After a morning coffee break, I have another run on the RT, and this time take it a little easier. It’s fair to say most folk will be buying this bike for its luxury accommodation and smooth progress rather than its wheelie skillz – and it’s a treat when you’re going slowly too. I tune the radio into a classical music channel, bump the riding modes down a notch, and waft along, enjoying the Andalucian atmosphere. A big old 25 litre fuel tank, decent fuel consumption and masses of mod cons makes the RT an easy place to be for the long run – even if I’m not really needing the heated seat and grips today.

So – the new RT has a great new engine, loads of toys, and continent-crushingly comfort. It’s got the skillz to go nuts now and again too, and with the quirky front headlight array, classy paint finish and high-quality metalwork everywhere, it looks the part too. The base model starts around £14,400, but you’ll want to go for one of the posh versions with more trick kit bolted on. Sick of the adventure-bike scene and wanting to go back to big-bore touring basics? The new R1250 RT could make your next buying decision very simple indeed…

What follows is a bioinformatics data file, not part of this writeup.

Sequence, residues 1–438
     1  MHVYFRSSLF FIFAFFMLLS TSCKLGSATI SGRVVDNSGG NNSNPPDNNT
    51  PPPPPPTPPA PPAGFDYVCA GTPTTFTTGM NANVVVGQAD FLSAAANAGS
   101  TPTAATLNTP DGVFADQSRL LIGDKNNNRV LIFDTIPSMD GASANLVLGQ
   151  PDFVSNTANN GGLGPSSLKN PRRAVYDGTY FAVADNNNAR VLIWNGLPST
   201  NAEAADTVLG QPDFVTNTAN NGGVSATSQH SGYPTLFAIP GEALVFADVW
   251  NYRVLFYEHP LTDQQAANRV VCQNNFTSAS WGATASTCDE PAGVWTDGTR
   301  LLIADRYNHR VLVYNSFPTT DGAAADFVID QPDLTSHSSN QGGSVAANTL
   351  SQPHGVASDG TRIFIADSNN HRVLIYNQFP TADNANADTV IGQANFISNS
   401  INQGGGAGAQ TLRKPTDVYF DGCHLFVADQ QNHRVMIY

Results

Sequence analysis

Engine: 8v boxer flat twin, DOHC, variable valves, liquid cooled, 1,254cc

Bore x stroke: 102.5x76mm

Compression ratio: 12.5:1

Max power (measured at tyre) 136bhp@7,750rpm

Max Torque (measured at tyre) 106ft lb@6,250rpm

Transmission: six speed gearbox, wet slipper clutch, shaft drive

Frame: two-part subframes, engine as stressed-member 

Front suspension: BMW Telelever monoshock, 37mm stanchions, electronic suspension adjust option

Rear suspension: Paralever single-sided swingarm, monoshock, fully adjustable, electronic adjust option

Brakes: Dual 320mm discs, four-piston Hayes calipers (front), 276mm disc, twin-piston Brembo caliper (rear), Motorrad ABS, optional ABS Pro

Wheels/tyres: Cast aluminium/Metzeler Z8, 120/70 17 front, 180/55 17 rear

Rake/trail: 25.9°/116mm

Wheelbase: 1,485mm

Kerb weight (fully fueled): 279kg

Fuel capacity: 25 litres

Rider Aids: BMW ABS, traction control, rider power modes, hill start assist. Optional electronic suspension, ABS Pro, Pro riding modes, Shift Assist pro.